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Tag archives for Indigenous peoples

Fresh powder!

For decades ski resorts around the world have used snowmaking equipment to supplement nature’s sometimes erratic bounty. But a resort in the western U.S. will this season arm its snow cannons with a controversial form of ammo: sewage effluent purchased from a local municipality. Needless to say, the plan has its detractors.  

Do REDD Trees Make Forest Green?

Deforestation, especially of tropical forests, makes up 18 percent of annual global greenhouse gas (GHG) emissions — more emissions than the entire global transportation sector. The 2007 Assessment Report of the Intergovernmental Panel on Climate Change (IPCC) emphasized that reducing deforestation would be the most significant and immediate way to begin reducing global levels of…

“English Goes in One Ear and Out Another”: An Endangered Language Perspective

“Literacy makes you lazy: we don’t memorize 10,000-line epic poems any more,” David Harrison, the director of research for the Living Tongues Institute for Endangered Languages, told an audience at the Aspen Environment Forum in Colorado this past weekend. “I don’t even memorize cell phone numbers any more,” said Harrison, a linguist who studies many…

Eliminate GDP and “Economic Growth” to Create the Real Green Economy, Indigenous Peoples Say

The planet is in peril, 3,000 scientists and other experts concluded at the recent Planet Under Pressure conference in London. Climate change, overuse of nitrogen and loss of biodiversity are just three of the perils threatening to make much of our home uninhabitable. World leaders will meet in Rio de Janeiro June 20-22 to address…

Traditional Slash and Burn Agriculture Sustainable Solution to Climate Change

Climate change is the result of not behaving in the right way, according to the isolated Trio, an indigenous people living in Suriname’s Amazon forest near its border with Brazil. “They see climate change as big problem. They say their forests are changing, deteriorating,” said Gwendolyn Smith, a project director for the non-profit organization Amazon Conservation…

Indigenous Peoples Can Show the Path to Low-Carbon Living If Their Land Rights Are Recognized

  Many indigenous peoples are living examples of societies thriving with sustainable, low-carbon lifestyles. Successfully meeting the global climate change challenge requires that much of the world shift from high carbon-living to low. This shift is daunting. Current emissions for Australia and the United States average about 20 tonnes of carbon dioxide per person. In…

REDD: The New Beast in the Forest Brings Hope and Threats to Indigenous Peoples

“REDD is the new beast in the forest,” said Patrick Anderson of the Forest Peoples Programme in Indonesia here at Climate Change Mitigation with Local Communities and Indigenous peoples workshop in Cairns, Australia. Deforestation gobbles up an area the size of Greece (13 million hectares) every year. As if that loss wasn’t bad enough, it…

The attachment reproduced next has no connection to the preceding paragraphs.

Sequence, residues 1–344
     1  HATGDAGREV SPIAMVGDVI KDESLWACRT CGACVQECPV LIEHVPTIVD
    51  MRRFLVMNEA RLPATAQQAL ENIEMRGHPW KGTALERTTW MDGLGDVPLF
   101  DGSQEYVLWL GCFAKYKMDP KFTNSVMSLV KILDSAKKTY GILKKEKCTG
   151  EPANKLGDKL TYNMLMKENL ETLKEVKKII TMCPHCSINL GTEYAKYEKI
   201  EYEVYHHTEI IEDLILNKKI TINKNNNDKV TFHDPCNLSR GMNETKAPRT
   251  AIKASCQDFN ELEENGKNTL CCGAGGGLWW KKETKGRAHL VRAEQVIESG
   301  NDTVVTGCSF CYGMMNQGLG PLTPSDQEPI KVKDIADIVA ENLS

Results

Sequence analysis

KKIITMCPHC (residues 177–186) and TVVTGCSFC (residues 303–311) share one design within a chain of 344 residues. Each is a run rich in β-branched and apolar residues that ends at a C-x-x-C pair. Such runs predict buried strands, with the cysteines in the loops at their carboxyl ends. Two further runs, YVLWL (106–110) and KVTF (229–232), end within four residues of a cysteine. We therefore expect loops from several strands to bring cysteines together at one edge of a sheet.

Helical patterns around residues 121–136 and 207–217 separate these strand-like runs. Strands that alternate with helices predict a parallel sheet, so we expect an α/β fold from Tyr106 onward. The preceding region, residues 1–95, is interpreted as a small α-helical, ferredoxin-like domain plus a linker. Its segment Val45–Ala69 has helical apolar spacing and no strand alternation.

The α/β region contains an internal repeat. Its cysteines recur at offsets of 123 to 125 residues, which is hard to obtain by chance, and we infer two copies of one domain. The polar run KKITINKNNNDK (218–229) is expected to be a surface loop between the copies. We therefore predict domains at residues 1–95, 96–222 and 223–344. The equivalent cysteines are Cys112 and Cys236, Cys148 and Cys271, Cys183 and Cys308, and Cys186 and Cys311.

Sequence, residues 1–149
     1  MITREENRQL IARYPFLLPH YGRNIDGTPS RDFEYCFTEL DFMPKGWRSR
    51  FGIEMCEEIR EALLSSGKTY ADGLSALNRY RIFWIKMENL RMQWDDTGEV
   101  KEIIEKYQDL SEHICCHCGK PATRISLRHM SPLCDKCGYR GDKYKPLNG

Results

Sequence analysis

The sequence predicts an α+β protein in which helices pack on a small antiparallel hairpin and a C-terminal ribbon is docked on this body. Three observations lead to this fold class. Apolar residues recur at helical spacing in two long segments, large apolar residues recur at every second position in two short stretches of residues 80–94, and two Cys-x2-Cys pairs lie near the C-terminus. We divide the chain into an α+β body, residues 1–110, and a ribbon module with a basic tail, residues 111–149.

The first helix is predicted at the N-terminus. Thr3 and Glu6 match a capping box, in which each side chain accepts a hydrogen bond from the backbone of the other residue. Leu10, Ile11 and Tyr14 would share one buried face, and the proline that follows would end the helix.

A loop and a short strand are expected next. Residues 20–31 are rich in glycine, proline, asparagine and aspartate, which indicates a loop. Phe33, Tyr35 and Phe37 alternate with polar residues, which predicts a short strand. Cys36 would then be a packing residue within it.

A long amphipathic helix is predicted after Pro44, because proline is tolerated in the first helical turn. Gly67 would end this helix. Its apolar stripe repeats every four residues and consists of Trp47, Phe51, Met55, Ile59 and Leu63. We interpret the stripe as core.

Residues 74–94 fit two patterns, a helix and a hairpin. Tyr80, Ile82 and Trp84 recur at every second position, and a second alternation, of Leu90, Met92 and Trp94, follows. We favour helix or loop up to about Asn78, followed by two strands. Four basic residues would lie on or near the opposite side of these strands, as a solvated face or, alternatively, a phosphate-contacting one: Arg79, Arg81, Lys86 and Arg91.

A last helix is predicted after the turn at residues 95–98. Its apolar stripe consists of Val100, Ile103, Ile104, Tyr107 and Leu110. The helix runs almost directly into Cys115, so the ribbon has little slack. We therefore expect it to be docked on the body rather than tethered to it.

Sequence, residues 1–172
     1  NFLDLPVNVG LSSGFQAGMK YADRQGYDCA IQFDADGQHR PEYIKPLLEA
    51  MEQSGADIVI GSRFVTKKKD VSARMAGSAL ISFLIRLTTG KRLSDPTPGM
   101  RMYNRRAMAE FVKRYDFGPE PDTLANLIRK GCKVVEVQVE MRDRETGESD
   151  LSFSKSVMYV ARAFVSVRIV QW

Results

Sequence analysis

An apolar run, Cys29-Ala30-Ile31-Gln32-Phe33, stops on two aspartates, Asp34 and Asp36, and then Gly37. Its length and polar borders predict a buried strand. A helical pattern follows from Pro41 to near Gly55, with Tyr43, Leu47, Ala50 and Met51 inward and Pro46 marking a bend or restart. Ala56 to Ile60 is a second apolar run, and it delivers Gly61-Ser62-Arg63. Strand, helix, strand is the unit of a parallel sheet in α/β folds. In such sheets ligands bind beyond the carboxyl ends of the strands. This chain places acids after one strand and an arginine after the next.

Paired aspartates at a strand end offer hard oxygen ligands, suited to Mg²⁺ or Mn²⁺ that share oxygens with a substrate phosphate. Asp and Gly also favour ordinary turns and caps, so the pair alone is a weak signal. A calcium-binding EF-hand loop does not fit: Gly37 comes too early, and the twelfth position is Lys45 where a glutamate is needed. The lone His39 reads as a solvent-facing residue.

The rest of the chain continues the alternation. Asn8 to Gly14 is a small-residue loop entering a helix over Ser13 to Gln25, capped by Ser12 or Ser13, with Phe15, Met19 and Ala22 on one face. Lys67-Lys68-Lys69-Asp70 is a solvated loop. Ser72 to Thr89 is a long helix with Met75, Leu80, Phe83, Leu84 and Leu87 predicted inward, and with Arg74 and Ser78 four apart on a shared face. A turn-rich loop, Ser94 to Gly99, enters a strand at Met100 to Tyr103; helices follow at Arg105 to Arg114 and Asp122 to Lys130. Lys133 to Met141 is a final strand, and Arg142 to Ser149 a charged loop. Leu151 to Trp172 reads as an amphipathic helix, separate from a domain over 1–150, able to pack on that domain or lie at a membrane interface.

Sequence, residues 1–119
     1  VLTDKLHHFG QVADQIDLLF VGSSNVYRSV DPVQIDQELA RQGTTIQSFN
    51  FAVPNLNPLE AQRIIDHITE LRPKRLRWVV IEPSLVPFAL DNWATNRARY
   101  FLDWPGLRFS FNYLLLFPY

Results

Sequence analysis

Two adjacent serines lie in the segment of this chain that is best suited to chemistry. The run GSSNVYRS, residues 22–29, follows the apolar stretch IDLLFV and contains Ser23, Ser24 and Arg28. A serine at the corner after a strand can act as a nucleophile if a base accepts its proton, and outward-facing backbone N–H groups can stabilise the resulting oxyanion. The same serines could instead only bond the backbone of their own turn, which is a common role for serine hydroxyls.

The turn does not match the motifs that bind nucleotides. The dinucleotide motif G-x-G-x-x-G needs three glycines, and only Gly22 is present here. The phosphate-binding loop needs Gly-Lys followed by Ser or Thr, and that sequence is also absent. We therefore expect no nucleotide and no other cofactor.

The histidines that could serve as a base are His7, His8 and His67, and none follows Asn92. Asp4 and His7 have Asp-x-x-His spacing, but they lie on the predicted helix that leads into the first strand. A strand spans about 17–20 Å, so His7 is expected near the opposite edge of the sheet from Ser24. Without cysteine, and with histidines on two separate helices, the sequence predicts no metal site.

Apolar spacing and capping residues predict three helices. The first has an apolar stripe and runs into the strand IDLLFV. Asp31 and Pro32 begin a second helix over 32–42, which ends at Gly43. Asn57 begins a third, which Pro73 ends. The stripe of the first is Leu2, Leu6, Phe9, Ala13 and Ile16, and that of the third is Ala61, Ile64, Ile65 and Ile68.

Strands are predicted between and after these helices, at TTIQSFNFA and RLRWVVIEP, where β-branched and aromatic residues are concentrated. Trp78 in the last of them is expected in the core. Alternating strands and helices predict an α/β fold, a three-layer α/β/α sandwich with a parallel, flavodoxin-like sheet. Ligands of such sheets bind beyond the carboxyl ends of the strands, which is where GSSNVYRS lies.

‘Abriculture’ Using Forests to Feed Indigenous Peoples and Fight Climate Change

Forests can not only suck climate-heating carbon out of the atmosphere, they are also an important source of food for many Indigenous peoples. “Western food is making our people sick. Our bodies are adapted to eating bush foods,” said Seith Fourmile of the Gimuy-Walubarra Yidinji Nation of Cairns. Australia’s Aboriginal or Torres Strait Islander peoples…

Indigenous Peoples Needed to Meet the Challenge of Climate Change

  “Planning is not part of our culture. You just get up in the morning and do what you need to do for the day,” said Marilyn Wallace of the Kuku Nyungka ‘mob’ (aboriginal nation) in northern Queensland, Australia. “Bama,” people caring for their local territory, is an important part of aboriginal culture and identity,…

The Key to Addressing Climate Change – Indigenous Knowledge

We have the knowledge that can contribute to finding solutions to the crisis of climate change. But if you’re not prepared to listen, how can we communicate this to you? — Marcos Terena, Xané leader, Brazil. The precipitous rise in the world’s human population and humankind’s ever-increasing dependence on fossil fuel-based ways of living have…

Restoring the Sacred Web of Life in Siberia’s Golden Mountains

For millennia, Altai people herded their livestock across what is now known as the Golden Mountains of Altai UNESCO’s World Heritage Site, in Russia’s southern Siberia. They endured many obstacles–from Mongol hordes to Soviet oppression. Now they face a new challenge–climate change.

Indigenous Lessons for Everyone

As part of the All Roads Film Project here at National Geographic,  four films are being presented March 31-April 2, made by women from and about indigenous cultures. Among these are two by celebrated filmmaker Alanis Obomsawin of the Abenaki Nation. While many of her films deal directly with issues of First Nations people in…

Uncontacted Tribes: The Last Free People on Earth

The remaining hundred uncontacted tribes in the world capture the imagination of millions of “civilized” people. Yet they are the last cultures fully engaged with their natural environment. If they are stripped of their ancestral land, all of humankind will have lost the last people who truly understand our connections with the Earth.